FACED with a lightning strike of flash bulbs, Martin O’Neill sat in stationary solitude at the front of the Stadium of Light’s Riverview Suite.
In the room where predecessor and fellow A List name Roy Keane was presented as Black Cats boss, the newly-unveiled O’Neill showed little of the animation which will become part of his routine in the Sunderland dug-out.
It prompted calls of “Smile please, Martin” from the blood-thirsty pack of photographers, to which O’Neill responded with a wry grin and the reply of: “This is the best I can muster”.
The assembled hacks chuckled at the display of dark humour from a manager renowned for his charm and O’Neill continued to captivate through the remaining two hours in which he addressed television, radio and print media.
O’Neill rarely raised his voice and although there was the odd quip, the 59-year-old centred on his remit on Wearside rather than trying to entertain (as was often the case with Steve Bruce).
But listening to O’Neill unveil his blueprint for Sunderland’s success, it was difficult to escape the conclusion that here was a manager with sufficient grey matter to transform an ailing and stagnant club.
An eloquent and articulate speaker, O’Neill addressed those assembled with intelligence and gravity, without relying on clichés of Sunderland being a silent giant, in a region renowned for its passion etc.
The former Aston Villa and Celtic boss took those perhaps truthful sentiments as a given and refused to patronise supporters with false promises – admitting that Sunderland were in a “little bit of trouble” after taking just 11 points from the opening 14 games of the campaign.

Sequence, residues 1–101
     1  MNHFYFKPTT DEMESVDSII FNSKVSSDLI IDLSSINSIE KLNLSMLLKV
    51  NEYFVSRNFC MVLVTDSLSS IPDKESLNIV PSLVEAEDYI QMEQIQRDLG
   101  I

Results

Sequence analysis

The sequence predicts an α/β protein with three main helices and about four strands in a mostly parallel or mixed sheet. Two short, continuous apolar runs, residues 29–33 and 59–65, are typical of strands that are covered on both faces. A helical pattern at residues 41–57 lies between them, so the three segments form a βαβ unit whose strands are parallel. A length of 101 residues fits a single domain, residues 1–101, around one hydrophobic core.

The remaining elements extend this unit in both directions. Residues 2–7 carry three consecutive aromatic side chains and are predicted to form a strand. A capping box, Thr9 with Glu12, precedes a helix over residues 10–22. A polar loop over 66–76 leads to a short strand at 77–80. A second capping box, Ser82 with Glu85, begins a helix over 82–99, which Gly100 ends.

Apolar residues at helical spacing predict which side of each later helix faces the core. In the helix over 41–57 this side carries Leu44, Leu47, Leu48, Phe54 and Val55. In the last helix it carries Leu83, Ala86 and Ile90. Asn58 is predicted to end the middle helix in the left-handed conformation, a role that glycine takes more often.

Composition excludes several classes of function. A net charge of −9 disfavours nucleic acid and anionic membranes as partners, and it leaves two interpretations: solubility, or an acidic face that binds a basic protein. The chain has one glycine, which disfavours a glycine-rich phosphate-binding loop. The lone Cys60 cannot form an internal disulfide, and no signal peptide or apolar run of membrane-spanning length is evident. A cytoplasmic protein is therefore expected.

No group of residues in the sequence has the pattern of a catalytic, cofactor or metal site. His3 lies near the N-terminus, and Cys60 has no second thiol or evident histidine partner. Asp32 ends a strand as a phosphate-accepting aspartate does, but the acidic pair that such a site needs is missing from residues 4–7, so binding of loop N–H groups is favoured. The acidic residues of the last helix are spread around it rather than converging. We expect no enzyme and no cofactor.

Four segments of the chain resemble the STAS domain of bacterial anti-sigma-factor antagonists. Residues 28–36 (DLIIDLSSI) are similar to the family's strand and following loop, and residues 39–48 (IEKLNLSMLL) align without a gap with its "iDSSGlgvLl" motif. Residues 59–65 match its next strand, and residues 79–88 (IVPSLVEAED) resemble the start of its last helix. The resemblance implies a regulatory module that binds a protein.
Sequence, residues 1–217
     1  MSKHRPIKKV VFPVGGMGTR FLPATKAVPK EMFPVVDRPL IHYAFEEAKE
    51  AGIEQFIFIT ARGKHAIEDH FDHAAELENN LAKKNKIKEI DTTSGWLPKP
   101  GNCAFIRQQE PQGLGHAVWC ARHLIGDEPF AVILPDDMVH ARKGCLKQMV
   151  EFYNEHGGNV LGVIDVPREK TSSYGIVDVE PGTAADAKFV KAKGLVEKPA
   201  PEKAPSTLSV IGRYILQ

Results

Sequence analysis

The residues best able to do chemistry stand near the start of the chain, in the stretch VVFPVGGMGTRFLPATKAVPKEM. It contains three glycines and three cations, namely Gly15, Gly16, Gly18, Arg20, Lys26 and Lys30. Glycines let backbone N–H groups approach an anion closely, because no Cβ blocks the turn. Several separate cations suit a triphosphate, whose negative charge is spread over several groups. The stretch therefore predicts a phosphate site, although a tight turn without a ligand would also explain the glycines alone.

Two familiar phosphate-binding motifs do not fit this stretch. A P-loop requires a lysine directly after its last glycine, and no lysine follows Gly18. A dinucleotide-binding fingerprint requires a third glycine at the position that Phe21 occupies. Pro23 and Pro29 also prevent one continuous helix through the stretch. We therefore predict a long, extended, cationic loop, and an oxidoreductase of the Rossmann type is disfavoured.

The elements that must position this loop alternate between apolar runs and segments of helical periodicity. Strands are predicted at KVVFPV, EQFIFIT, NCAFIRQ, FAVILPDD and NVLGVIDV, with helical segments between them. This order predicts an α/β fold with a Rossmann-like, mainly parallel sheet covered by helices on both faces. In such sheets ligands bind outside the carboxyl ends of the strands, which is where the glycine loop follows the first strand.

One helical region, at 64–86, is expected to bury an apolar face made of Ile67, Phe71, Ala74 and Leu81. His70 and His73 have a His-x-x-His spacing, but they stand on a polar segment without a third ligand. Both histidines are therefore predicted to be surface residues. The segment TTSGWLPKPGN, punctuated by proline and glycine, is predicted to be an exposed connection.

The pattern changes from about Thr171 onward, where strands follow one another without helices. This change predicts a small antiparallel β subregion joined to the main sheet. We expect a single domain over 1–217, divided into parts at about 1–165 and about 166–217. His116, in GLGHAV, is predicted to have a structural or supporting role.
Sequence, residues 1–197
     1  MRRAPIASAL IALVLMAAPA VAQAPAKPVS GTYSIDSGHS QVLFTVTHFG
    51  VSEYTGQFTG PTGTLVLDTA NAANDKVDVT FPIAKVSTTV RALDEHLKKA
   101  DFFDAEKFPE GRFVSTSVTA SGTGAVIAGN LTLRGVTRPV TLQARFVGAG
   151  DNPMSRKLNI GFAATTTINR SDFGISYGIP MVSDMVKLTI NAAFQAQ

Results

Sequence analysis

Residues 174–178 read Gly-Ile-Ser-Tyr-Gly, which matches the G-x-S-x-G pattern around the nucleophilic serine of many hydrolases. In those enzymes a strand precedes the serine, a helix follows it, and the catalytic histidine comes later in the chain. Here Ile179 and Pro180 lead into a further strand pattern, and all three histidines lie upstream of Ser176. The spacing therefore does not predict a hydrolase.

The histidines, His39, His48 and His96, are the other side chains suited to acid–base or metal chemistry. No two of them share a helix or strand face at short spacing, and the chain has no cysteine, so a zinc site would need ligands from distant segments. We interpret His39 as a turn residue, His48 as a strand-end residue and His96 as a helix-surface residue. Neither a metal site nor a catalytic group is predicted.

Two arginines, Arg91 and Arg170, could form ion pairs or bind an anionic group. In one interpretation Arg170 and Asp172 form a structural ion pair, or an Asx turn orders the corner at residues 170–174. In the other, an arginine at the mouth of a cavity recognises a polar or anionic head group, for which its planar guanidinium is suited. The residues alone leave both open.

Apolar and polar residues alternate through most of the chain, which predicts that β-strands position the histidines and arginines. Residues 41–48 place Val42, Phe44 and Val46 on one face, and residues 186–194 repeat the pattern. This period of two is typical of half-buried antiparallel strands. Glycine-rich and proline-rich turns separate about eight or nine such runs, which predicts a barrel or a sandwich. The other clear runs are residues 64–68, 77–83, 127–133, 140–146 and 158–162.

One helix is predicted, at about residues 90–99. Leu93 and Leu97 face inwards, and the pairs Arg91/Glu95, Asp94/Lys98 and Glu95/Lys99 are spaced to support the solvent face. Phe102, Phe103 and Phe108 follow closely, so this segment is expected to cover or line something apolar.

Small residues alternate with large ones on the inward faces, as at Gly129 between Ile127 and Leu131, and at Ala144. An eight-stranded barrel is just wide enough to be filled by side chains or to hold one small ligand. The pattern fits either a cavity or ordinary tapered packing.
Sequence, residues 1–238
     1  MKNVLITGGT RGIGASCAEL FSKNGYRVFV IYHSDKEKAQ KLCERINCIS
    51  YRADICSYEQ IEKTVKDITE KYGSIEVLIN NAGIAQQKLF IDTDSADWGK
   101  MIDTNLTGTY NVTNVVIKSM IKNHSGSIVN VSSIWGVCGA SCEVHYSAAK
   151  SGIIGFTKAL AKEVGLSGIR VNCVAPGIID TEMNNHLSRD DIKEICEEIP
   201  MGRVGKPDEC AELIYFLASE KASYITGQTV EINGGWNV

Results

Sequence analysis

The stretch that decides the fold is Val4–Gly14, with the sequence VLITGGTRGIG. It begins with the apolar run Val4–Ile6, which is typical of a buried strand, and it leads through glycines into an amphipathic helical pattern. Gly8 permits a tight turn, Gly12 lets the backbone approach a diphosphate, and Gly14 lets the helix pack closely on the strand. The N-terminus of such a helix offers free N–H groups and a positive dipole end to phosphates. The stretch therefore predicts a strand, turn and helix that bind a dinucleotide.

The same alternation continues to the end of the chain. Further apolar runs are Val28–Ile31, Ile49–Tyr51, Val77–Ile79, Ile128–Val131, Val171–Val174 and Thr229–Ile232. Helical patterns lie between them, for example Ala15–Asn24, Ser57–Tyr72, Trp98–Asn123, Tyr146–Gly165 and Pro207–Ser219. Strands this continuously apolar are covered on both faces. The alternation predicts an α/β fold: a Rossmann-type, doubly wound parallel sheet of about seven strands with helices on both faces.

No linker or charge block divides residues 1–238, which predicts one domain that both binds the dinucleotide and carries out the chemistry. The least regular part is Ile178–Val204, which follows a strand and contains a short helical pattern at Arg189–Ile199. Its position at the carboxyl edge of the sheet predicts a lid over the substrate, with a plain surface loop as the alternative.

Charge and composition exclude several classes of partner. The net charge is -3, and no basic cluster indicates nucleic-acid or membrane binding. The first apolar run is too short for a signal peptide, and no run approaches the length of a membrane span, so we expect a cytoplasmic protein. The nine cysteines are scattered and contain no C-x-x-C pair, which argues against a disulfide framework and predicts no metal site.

O’Neill conceded the evident flaws in Sunderland’s game at present, both a lack of goals and lack of confidence, and realised they needed to be eradicated sooner rather than later.
Neither did O’Neill delude himself into thinking he would receive special favours on the terraces for his boyhood allegiance to Sunderland.
O’Neill referred to how Charlie Hurley led him to support Sunderland as his second team behind Celtic and how he had received a good-luck message from the legendary centre-half, but then tried to play down the emotional attachment.
Yet it was clear that O’Neill was enthused about the prospect of working at the club of his County Londonderry adolescence.
“I don’t really want to make too much of it, but I was a genuine supporter.” he said.
“I remember a lot of times which were great supporting the team. It is a great football club, a fantastic club.
“I think there is an energy about this club and very obviously a passion which is something, with determination, I am hoping will give us that lift.
“It is a genuine privileged to be here. It really is a fantastic club and it is an honour.
“I am hoping the day I leave it has been worthwhile. I am so energised about it that it is hard to describe.”
What came across more than anything was O’Neill’s burning passion for the job ahead of him, which clearly simmered under his mild-mannered exterior.
He didn’t strike the familiar chord of a fly-by-night manager, who produces the popular sound-bites before leaving 18 months down the line with the club no further forward in his progress.
Like his man-management, O’Neill’s words inspired confidence. Every musing was well thought-out, every phrase chosen deliberately.
In terms of fireworks, there was perhaps no explosive message of European adventures or silverware.
Yet that would have been pre-emptive. Given Sunderland’s current woes, O’Neill has to focus on the short-term and he inspired confidence that he will exude confidence to those under his wing.
The fireworks can wait for the dressing room and the training field anyway.
When facing the press, O’Neill can do little more than to inform and procrastinate with evident competency of his thoughts on the club he seems made-to-measure for.
If those beliefs are transformed into tangible success, then O’Neill will have a reason to smile for the camera.